Pros & Cons of Working with Startups
Professional freelancer consider many factors while taking on new clients including timeline and budget, whether requested job fits their area of expertise, and if the organization is reputable. If a startup business approaches you to complete certain tasks like graphic designing, web development and many more, then what factors freelancers should consider before accepting their jobs. Startups not have strong reputation and they have to establish their history of operations. In this case what you should do? Should you take on this client or run the other way? In underneath discussion I tried to put together all pros and cons that should be considered before accepting freelance jobs from startup.
Cool & Crazy
Many startup businesses are today’s innovators. They bring new ideas, products and services of tomorrow that many of us could never begin to dream up. If there are chances to work for them especially in the field of information technology, you’ll get a sneak preview of some really cool and crazy new gadgets—sometimes even before they hit the market.
Almost all startup businesses tend to be very small, and in the result of this, process for hiring online freelancers and completion of tasks move much more quickly than large or well established organizations. It is very common for successful freelancers such as developers and graphic designers to work directly with a founder or CEO of new businesses. Fewer middlemen can mean faster project feedback, turnaround, and approval.
It is not necessary that every new startup will be flopped. Companies that are small now don’t mean it won’t get bigger. Consider companies that were small when they were new in market and now they are multi-billion dollar companies. Wouldn’t you like their logos in your portfolio? Talk about bragging rights!
Continuous Flow of Jobs
Once you understand the mission, culture, vision and you deliver your services on it-they are unlikely to look elsewhere for work. Many of new startup tends to ask you to provide other related services. I won’t say that startup are more loyal, but early involvement with a small company can mean building strong business relationships that can’t necessarily be found the same way in corporate environments. This may lead you towards continuous flow of online freelance jobs.
Startup usually need from a logo to a website, even they already have these things, and they frequently go through a rebranding once they’ve made or raised enough money to put a bigger budget behind design. Early on, startup teams are usually focused on their products and services, acquiring users and raising of money. For freelancers its means there will be variety of un-completed tasks.
Involve More Risk
Startups are…well, startups. New teams and businesses aren’t established in market and they don’t have a solid revenue stream. In fact, speaking honestly, nine out of ten startups fail. If you are going to take on startup customers, always be prepared for these and other risks. Know that a startup client may not provide long-term, ongoing work as there’s always a chance the startup could fold—maybe even before you get paid.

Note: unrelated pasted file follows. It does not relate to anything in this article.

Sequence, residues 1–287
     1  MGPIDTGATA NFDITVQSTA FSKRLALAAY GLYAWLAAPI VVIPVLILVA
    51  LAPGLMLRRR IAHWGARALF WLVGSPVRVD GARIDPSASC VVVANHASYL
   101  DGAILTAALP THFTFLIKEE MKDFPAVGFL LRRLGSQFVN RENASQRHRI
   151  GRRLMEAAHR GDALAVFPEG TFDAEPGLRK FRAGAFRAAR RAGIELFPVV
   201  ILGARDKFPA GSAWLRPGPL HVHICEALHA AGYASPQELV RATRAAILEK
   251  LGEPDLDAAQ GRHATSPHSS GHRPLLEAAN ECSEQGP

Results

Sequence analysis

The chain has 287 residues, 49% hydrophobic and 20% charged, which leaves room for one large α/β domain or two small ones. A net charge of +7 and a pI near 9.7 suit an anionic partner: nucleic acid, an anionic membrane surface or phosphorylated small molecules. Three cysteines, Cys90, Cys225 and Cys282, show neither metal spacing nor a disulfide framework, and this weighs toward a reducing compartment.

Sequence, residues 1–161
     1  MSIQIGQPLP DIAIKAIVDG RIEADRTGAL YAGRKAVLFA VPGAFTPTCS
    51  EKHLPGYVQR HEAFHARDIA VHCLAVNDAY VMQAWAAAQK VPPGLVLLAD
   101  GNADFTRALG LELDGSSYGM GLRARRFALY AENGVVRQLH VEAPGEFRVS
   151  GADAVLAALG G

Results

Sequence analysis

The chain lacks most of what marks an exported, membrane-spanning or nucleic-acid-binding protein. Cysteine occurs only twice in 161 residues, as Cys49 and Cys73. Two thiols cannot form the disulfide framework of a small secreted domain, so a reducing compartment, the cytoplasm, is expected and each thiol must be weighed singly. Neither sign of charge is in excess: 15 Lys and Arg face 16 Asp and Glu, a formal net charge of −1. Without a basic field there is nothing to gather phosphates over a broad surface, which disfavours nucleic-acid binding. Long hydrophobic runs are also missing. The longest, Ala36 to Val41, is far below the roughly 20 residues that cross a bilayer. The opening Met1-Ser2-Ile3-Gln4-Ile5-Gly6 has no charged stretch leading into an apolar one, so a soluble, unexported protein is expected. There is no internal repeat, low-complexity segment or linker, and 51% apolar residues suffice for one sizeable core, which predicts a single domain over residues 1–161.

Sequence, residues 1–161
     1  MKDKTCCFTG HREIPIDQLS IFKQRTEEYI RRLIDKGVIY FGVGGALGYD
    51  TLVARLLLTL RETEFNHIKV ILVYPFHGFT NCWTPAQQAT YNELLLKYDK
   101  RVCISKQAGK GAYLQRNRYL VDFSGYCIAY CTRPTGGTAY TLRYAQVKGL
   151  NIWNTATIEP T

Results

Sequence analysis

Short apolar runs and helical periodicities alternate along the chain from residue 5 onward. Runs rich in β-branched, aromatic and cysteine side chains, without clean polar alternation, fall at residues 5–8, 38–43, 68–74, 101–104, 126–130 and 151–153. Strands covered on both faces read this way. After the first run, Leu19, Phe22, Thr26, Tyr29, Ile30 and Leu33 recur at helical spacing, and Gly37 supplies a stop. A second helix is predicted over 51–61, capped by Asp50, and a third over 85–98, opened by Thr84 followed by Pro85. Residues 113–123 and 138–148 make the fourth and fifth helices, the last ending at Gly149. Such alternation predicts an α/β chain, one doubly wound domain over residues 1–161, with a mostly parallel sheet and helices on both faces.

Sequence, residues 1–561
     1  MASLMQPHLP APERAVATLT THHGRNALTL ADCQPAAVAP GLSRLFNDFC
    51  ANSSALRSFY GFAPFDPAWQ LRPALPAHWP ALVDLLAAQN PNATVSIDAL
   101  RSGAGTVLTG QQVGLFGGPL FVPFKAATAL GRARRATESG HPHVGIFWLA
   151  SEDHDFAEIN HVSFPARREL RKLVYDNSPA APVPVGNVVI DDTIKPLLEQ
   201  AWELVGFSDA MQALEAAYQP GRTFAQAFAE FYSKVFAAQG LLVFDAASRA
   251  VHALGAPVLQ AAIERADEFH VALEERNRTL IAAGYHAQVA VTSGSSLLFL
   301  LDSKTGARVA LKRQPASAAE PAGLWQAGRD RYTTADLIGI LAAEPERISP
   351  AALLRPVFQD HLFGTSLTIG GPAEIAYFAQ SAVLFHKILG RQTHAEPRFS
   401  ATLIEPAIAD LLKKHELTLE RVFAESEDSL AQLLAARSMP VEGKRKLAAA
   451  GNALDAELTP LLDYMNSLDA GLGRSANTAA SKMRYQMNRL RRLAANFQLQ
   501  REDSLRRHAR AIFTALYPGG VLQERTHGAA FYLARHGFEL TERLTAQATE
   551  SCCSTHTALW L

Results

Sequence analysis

Shortage of Budget
While many startups are certainly willing to pay good rates for freelance job, others are bootstrapped or operating on a shoestring and may not be able to meet your rates. Tight budgets can also make for a shortage of work or unpredictable work flow. What’s more, small companies have a tendency to undervalue services like logo design, content writing and etc., so even if a startup agrees to your rates, there’s a chance your services will be milked for all their worth.
Lack of experience
Many startups are new to outsourcing work and don’t have established processes in place. This can lead to inefficiencies, delayed payments, and a general misunderstanding of common practices and expectations. For example, startups might request several rounds of revisions, despite the number defined in your contract, and designers could find themselves on the receiving end of excessive demands.
Startups run with small teams consisting of very busy people. It can be difficult to pin down the person you need to talk to and to get your questions answered. Expect slow responses to calls and emails, and be prepared to do a lot of following up.
Startups sometimes lack a clear vision of where their company is going. It’s not uncommon for a startup to pivot—at times, more than once—and as such, they’re still working through brand imaging and messaging. For online freelancers, such ambiguity and frequent changes are likely to bring about unwanted stress and undue burdens.
In the end, every startup is different. Some may have more of the pros than cons, and for others, the cons may outweigh the pros. freelancers will have to consider each engagement on a case-by-case basis, and hopefully this list covering the ups and downs of working with startups will come in handy when making that decision.